Senators raise throttling concerns with mobile carriers

Sens. Markey (D-MA), Blumenthal (D-CT), and Wyden (D-OR) raised concerns that T-Mobile, Sprint, Verizon, and AT&T “may be inappropriately throttling and prioritizing internet traffic from common mobile apps without the knowledge of their customers.” The Senators noted that, “such practices would violate the principles of net neutrality and unfairly treat customers who are unaware that their carriers are selecting which services receive faster or slower treatment.”

University researchers at Northeastern University recently found that Sprint is throttling -- or slowing down data transfers -- Skype, a video communications app. The researchers developed an app to monitor wireless carriers after the FCC repealed its net neutrality rules earlier this year and found that Sprint and Boost (Sprint’s prepaid subsidiary) have been throttling Skype in 34 percent of tests this year.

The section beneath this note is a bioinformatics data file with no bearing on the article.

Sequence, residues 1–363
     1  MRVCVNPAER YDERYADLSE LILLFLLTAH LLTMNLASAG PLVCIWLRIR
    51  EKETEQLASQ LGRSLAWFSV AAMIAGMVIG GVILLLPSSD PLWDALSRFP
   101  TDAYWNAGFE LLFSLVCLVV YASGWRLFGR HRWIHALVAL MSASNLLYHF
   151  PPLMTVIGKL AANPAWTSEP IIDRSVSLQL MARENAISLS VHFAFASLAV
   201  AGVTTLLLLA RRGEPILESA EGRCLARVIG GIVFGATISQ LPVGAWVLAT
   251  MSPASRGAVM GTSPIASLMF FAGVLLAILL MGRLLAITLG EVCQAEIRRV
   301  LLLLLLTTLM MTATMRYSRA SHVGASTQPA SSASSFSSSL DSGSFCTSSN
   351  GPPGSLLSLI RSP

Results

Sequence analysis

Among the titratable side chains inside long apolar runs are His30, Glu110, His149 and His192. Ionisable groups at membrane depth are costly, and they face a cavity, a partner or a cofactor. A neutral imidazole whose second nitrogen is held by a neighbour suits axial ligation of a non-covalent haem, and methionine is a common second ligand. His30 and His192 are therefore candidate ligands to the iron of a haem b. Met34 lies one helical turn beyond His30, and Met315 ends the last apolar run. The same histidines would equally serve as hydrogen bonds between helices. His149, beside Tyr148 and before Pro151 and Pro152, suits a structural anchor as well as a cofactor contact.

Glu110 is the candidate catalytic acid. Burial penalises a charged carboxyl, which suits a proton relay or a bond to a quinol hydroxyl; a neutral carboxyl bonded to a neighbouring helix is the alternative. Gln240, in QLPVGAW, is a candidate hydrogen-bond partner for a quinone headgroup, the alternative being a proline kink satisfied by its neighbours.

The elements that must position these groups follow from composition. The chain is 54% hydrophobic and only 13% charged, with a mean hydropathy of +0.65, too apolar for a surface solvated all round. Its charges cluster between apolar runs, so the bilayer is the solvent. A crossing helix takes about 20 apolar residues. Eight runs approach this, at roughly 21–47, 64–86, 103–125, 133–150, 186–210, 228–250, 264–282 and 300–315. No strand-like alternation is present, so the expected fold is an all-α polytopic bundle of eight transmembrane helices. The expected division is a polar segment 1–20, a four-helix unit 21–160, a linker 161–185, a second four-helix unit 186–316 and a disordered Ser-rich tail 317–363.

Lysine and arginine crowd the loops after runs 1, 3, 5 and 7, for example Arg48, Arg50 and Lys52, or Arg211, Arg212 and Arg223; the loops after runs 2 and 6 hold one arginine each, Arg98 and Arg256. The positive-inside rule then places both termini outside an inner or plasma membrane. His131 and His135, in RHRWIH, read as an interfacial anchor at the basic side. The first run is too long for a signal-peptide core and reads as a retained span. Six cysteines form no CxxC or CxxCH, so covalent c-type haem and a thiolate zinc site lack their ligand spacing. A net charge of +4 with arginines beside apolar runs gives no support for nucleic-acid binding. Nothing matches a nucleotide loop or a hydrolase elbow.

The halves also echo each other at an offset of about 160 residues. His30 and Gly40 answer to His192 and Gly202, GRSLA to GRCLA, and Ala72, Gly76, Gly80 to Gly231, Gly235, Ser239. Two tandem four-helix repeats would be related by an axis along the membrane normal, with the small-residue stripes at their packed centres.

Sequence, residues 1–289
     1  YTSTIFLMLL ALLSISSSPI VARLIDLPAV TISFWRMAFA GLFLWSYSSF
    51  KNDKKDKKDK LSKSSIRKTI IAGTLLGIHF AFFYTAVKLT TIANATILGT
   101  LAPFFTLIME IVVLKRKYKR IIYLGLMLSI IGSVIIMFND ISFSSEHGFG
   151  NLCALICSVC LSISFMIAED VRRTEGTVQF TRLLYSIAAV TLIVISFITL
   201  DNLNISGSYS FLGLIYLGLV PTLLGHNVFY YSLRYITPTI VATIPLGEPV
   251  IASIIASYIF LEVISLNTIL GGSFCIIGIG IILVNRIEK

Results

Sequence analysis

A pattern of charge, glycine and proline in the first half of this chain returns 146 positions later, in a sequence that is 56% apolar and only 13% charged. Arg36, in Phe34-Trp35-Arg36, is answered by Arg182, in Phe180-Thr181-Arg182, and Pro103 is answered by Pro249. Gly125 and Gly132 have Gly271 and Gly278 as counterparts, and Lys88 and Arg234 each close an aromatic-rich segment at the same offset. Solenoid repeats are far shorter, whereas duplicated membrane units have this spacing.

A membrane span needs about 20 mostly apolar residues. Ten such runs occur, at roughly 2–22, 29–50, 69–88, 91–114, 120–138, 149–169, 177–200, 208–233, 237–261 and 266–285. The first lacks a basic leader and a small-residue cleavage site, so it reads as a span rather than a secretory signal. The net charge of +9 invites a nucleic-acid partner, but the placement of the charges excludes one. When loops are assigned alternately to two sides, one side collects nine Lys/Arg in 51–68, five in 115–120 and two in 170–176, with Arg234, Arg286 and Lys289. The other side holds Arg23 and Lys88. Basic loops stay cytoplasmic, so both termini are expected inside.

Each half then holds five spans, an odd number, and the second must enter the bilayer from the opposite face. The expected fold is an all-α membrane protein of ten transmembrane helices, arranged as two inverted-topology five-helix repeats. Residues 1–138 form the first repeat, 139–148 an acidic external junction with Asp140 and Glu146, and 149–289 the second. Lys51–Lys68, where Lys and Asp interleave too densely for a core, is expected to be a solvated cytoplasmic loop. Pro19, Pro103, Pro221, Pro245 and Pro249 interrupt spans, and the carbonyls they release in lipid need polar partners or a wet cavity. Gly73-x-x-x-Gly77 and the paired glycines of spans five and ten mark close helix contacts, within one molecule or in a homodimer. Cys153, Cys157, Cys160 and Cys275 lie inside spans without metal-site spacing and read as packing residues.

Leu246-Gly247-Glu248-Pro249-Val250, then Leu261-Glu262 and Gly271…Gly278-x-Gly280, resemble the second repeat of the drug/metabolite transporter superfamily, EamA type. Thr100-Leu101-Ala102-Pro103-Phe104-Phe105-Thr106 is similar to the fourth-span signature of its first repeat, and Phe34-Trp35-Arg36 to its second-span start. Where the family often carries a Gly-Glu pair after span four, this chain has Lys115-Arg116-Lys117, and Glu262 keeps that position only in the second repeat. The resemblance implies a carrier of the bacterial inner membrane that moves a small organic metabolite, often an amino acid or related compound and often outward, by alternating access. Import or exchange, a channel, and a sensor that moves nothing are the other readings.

The Communications Workers of America supports three bright-line, common sense net neutrality rules – no blocking, no throttling, and no favorable treatment of some websites and applications over others – to protect a free and open Internet.

 

Links:

Sens. Markey, Blumenthal, and Wyden Letter on Throttling (FierceWireless, Nov. 15, 2018)

Researchers Believe Sprint Is Throttling Skype Without Telling Consumers (Vice, Nov. 9, 2018)

New research shows that, post net neutrality, internet providers are slowing down your streaming (Northeastern University, Sep. 10, 2018)

Net neutrality goes away on June 11 (Speed Matters, May. 14, 2018)

Opponents of proposed T-Mobile-Sprint merger detail public interest concerns (Speed Matters, Nov. 2, 2018)

CWA: FCC vote will damage free and open Internet (Speed Matters, Dec. 14, 2017)